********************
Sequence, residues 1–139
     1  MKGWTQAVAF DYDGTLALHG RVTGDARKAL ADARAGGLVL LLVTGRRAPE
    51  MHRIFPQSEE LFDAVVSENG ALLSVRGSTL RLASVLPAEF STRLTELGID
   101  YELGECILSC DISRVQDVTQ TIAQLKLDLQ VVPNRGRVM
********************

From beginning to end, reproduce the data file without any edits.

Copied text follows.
Sequence, residues 1–139
     1  MKGWTQAVAF DYDGTLALHG RVTGDARKAL ADARAGGLVL LLVTGRRAPE
    51  MHRIFPQSEE LFDAVVSENG ALLSVRGSTL RLASVLPAEF STRLTELGID
   101  YELGECILSC DISRVQDVTQ TIAQLKLDLQ VVPNRGRVM